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Ways to Save on Apartment Energy Bills

Ways to Save on Apartment Energy Bills

Fall is setting in, and those chilly nights, although refreshing, are a reminder that it will soon be time to turn on the heat. Unless you live in a newly renovated apartment, there are at least a few ways you’ll be likely to lose some of this expensive commodity. Renting presents a few challenges to weather-proofing since you aren’t responsible for replacing insulation or drafty windows, but there are many other ways to stay warm while keeping your heating costs to a minimum through the winter months.

Inexpensive, Unobtrusive Weather-proofing

As a renter, these methods will be your best friends in the fight to keep in the heat:

  • Weather stripping and window kits. From my years of living in drafty places heated with ultra-expensive propane, I can attest that these really work. Sure, they can be tedious, but if you ask a friend to help you, it will go much faster (and you can return the favor).
  • Draft-blocking ‘pillows.’ These are significantly cuter than plastic film and tape, and work well for hard-to-seal areas like the bottoms of window frames and exterior doors that aren’t used frequently.
  • Fireplace insulation. If you have a modern fireplace with doors, keep them closed during the winter when it’s not in use, and check for drafts. If it’s a natural fireplace, it may need to be seasonally blocked or insulated. Either way, as a renter, your property maintenance should be responsible for it.

Optimizing Your Heat Flow

After any gaps and drafts are sealed, focus on increasing the efficiency of your central heat with these steps:

  • Clean and provide clear paths for your vents. Locate all your vents and make sure there isn’t anything blocking the path of their air flow, even if it means temporarily rearranging your furniture. Ceiling vents may not be blocked, but probably still need to be vacuumed out to remove dust and increase efficiency. Lastly, make sure they’re fully open or closed as necessary.
  • Heat only the rooms you’re using. By closing ducts and doors to rooms you’re not currently using, you can lower your heat bill even more. For instance, if you spend most of your time in the main living area, close off your bedroom and the bathroom. It won’t be enough to eliminate all heat (don’t worry, you’re pipes won’t freeze), but will still make a difference.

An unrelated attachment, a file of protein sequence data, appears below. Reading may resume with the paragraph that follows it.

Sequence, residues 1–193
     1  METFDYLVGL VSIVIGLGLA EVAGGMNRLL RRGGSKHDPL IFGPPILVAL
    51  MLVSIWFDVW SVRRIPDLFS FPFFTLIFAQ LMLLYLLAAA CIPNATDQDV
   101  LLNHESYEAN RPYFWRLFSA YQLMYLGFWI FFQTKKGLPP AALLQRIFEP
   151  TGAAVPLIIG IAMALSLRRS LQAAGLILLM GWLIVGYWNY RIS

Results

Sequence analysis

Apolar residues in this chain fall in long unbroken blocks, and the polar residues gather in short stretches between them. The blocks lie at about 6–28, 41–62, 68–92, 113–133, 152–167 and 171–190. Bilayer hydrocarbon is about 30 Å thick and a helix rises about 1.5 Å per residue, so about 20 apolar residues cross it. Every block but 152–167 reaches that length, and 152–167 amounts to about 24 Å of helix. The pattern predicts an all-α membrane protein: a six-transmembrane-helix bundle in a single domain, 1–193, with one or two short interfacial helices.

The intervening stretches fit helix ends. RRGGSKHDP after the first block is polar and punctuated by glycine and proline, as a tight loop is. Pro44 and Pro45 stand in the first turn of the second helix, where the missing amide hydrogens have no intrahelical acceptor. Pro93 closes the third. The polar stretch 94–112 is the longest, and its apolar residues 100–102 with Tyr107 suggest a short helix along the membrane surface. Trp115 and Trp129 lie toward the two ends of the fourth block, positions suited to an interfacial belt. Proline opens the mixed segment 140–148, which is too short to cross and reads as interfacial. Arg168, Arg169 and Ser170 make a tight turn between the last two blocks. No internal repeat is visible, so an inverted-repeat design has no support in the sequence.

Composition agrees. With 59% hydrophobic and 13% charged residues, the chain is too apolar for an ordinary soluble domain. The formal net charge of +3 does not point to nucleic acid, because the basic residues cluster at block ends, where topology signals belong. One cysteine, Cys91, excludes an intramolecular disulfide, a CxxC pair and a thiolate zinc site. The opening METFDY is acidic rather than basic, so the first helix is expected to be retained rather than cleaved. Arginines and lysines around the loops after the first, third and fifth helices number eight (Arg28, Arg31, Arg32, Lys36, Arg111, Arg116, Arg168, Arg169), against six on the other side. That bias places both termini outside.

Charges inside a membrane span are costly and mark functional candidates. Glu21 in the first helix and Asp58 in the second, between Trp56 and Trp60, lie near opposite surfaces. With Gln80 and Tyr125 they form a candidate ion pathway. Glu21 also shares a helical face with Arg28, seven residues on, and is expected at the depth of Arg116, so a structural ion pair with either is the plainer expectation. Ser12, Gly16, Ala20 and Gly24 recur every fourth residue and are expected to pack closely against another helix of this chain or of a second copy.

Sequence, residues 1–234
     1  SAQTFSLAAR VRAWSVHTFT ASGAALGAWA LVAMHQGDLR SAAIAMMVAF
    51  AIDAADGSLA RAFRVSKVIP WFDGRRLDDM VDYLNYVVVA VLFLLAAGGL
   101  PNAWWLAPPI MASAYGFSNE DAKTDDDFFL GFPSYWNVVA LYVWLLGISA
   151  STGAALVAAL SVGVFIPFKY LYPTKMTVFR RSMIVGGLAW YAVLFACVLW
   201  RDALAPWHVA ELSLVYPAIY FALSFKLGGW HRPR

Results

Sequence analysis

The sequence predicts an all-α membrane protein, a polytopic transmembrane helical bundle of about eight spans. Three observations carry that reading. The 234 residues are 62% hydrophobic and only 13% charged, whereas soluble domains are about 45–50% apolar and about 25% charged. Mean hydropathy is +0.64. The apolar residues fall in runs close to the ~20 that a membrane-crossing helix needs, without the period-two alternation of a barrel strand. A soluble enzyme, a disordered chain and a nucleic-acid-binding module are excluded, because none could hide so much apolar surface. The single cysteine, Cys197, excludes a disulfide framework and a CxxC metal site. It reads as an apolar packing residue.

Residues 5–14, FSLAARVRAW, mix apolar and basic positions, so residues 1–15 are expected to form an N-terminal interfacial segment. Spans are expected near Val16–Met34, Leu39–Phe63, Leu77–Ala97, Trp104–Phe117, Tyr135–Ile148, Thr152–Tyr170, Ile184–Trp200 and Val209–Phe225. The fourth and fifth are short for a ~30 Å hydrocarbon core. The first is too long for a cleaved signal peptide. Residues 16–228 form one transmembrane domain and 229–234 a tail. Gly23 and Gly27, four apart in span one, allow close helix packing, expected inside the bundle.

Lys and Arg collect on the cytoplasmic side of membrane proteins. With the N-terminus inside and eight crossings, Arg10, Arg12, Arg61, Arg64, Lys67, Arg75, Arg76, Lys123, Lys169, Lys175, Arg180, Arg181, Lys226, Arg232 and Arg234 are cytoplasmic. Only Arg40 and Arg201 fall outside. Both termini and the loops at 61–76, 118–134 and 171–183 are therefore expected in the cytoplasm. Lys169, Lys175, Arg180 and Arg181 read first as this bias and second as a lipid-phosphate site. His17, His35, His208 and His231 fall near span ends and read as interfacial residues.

• Rotate ceiling fans clockwise. Fans in general can be used to more evenly distribute warm air, but ceiling fans are especially effective warm air distributors if rotated clockwise at low speeds. Some experts claim this one step can save you as much as 15% on heating costs. Hunter Fan has specific instructions on how to tell which direction your blades are going and how to change the setting on older models.
  • Install a programmable thermostat. Even if you don’t own your place, investing in an inexpensive programmable thermostat will be worth the savings on your heating bill. Be sure to check with your landlord first to make sure it’s okay, and don’t be afraid to ask if they’ll pay for it.

Using Other Heat Sources

The air that comes out of your heat ducts isn’t the only way to heat your apartment. There are other natural and more energy-efficient ways, including these:

  • Natural light. Take advantage of the greenhouse effect by opening your shades and curtains on bright days. Increase the warming effect of sunlight by arranging furniture in a way that gives its beams unobstructed radiance, and allows you to enjoy some Vitamin D at the same time.
  • Humidifiers. The purpose of a humidifier isn’t to heat your home, but by increasing the moisture content in the air, it does so naturally. You’ll feel warmer and be able to turn the thermostat down a few notches. Besides, the dry heat of winter often leaves our skin and nostrils suffering for moisture, so you’ll enjoy those benefits, as well.
  • Electric blankets. Instead of cranking up the heat when you snuggle up with a book or go to bed, use an energy-efficient electric blanket that you can take from room to room as needed. The draw on electricity will be much less costly than central heat.

Lower the thermostat and throw on a sweater.

Finally, if you can tolerate it, turn the thermostat down just a few degrees and compensate with another layer of clothing, a cozy pair of slippers, or a hot mug of cocoa. Combining all these tips, you’ll potentially save hundreds of dollars through the course of the heat-using seasons.